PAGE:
9. Hi guys, I've just started to play around with Haskell and learn about functional programming paradigms and I was wondering, as per title: Can a typical LV application be constructed along functional paradigms? Hypothetical application: 2 Analog Inputs and 2 Analog outputs connected to some process, some sort of controller, a UI for interacting with the controller, and file IO. I typically don't see functional paradigms applied to hardware control. I don't know if this is just something that people have avoided doing or whether there just hasn't been any interest. In any case, I'm trying to imagine first of all what LV native mechanisms could be uses to construct a "functional" type application, and secondly, whether there would be any advantages in doing so? Particularly in ability to reason about behaviour. Hope this sparks some interesting discussion. Kind regards, Alex
  10. Lots of fantastic info, thanks guys! @Shoneill How does your proposed solution deal with the potential situation where the process (Signal Generator) is running remotely from the control software (UI). Over TCP or whatever. I can't see a graceful way of passing a UI type object around. If the UI is a part of the object, then you have a static dependency between the control UI (which contains the subpanel) and the process code don't you?
  11. Hmmm, what if the UI doesn't expose that choice unless the user selects the White Noise option?
  12. Hi guys, I thought I'd throw this out there to see if anyone has any opinions on a hypothetical (which cartoons my current situation). Say I have some process, implementing some functionality, for example: A signal generator which can generate triangles, sines, ramps and steps. Now I want the process to also generate band limited white noise. The problem is, the parameters to the generator don't accomodate the idea of a frequency cut-off. The ways I can see of dealing with this are: Extend the interface to include a frequency cut-off parameter (redundant for 90% of messages.) Break down the interface and expose different sub-interfaces (pass complexity on to calling code...) Any other ways? Thanks in advance for your insights!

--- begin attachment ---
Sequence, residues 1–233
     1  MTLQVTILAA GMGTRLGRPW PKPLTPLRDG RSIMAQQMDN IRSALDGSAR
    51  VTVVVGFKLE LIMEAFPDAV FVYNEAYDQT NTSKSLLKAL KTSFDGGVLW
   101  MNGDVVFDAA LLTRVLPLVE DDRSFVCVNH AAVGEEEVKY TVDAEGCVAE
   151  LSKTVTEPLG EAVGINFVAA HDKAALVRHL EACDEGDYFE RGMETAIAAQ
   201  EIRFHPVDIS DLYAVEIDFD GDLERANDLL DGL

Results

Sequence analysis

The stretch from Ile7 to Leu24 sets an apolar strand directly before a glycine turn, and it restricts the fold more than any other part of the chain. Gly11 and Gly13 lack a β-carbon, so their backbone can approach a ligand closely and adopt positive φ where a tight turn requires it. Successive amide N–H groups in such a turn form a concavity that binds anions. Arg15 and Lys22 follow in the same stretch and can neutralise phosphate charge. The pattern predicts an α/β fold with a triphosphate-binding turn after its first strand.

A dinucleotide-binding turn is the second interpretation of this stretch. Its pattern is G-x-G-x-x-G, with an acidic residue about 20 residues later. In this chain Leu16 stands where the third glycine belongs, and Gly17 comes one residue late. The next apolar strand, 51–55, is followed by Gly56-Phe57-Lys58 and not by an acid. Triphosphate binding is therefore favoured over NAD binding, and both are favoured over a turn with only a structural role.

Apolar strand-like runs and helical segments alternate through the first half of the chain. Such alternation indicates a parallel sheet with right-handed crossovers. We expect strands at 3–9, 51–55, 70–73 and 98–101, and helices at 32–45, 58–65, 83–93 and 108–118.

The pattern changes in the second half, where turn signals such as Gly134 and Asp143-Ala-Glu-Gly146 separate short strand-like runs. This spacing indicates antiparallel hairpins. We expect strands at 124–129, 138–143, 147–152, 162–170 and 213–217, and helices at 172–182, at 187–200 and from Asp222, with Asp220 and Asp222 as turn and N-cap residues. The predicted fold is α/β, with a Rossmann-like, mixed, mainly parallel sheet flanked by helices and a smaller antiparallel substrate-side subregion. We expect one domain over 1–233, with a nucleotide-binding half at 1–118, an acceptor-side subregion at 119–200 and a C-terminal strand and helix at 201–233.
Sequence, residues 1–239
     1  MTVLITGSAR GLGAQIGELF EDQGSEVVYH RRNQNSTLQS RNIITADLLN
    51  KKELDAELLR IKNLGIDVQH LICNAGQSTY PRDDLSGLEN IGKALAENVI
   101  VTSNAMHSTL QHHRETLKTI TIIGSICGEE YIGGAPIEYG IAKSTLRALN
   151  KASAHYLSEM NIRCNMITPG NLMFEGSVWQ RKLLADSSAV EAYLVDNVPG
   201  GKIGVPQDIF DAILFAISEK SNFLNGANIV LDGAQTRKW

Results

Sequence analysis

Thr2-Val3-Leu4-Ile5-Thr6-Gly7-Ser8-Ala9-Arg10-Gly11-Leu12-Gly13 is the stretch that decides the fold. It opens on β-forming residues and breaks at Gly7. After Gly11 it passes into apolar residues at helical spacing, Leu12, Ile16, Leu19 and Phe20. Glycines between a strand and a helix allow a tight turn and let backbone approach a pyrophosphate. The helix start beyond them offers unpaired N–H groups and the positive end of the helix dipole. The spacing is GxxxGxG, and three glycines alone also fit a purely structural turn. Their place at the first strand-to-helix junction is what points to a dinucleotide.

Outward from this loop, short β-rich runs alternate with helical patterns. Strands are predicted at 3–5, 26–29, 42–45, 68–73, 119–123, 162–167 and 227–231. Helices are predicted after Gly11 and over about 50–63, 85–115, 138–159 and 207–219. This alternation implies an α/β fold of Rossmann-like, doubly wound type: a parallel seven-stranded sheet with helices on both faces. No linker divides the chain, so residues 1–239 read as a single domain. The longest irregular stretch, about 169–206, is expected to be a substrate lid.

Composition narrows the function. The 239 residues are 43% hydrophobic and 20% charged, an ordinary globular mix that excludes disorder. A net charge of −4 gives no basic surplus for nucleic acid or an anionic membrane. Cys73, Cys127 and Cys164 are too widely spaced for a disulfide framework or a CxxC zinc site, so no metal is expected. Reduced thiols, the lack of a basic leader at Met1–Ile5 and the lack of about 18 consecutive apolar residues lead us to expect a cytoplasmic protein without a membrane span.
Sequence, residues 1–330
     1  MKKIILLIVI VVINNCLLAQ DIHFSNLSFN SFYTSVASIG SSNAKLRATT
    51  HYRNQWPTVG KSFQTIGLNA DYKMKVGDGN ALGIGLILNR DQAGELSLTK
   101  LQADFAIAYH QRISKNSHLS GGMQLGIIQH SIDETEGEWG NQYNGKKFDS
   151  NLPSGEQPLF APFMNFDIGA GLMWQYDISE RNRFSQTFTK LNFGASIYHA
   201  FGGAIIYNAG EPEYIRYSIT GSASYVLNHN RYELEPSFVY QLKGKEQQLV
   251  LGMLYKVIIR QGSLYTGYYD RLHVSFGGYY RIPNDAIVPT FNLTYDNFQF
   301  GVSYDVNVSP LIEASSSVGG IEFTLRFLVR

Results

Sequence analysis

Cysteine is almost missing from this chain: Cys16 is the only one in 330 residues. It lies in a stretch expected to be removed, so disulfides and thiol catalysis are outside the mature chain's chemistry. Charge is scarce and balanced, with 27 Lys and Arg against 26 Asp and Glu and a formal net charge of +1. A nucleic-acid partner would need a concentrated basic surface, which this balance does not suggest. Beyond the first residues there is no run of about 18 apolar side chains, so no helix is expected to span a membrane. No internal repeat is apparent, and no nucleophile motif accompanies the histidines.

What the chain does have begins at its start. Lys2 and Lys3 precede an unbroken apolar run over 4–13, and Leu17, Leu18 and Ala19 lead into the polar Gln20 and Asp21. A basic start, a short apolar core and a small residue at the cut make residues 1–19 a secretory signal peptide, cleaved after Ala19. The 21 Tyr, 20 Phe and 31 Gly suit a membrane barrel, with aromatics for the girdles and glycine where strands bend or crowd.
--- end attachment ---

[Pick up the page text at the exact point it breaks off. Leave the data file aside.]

13. Shaun I have to disagree, the standard Window's interaction is single click to sort, it's what's intuitive to most people so if the expectation isn't met I think it becomes a minor user gripe.
  14. Hi Ned, Thanks, you've eased my mind a bit. I think this was the discussion http://lavag.org/topic/16908-q-what-causes-unresponsive-fpga-elements-after-restart/ but after re-reading it, I think I read something into it that wasn't there. Or perhaps I'm misrecalling where or if I saw that piece of information. Either way, from what you say I'm not worried about it anymore. Cheers, Alex
  15. Hi Shaun, Thanks for all that info! Would it be correct to say the distinction between state machine with message injection and message drive action engine (AE) is how the actions map to commands. I.e., a message driven AE gets you an action with a strictly defined end point, in other words it's gauranteed to complete. Whereas, for state machine with message injection, a single message could just result in a different continuous state? A long time ago I looked at Actor Framework but there were so many layers of abstraction I found it impossible to get started, let alone port my code to it. I'm pretty happy with what I've got at the moment, I've slowly improved it but I'm still wondering if I'm maintaining too much state in my message handlers. For example, I have an FPGA which is driving a number of pieces of hardware (motors, electrodes etc.) The VI in charge of the interface to that FPGA consists of a continuous loop which basically just listens to a Target-To-Host DMA FIFO, as well as a message handler which takes requests like "Update Setpoint Profile" and computes a new profile before uploading it to the FPGA. Should everything be done in a single state machine loop with message injection (I.e. listening is done in the timeout case). My uncertainty stems from something someone said to me a long time ago on LAVA, that it was very strange that I branched the FPGA reference to two different loops, and that they had never needed to do that. Thanks again for sharing your experience! Edit: I get 403 Forbidden errors when trying to follow your links.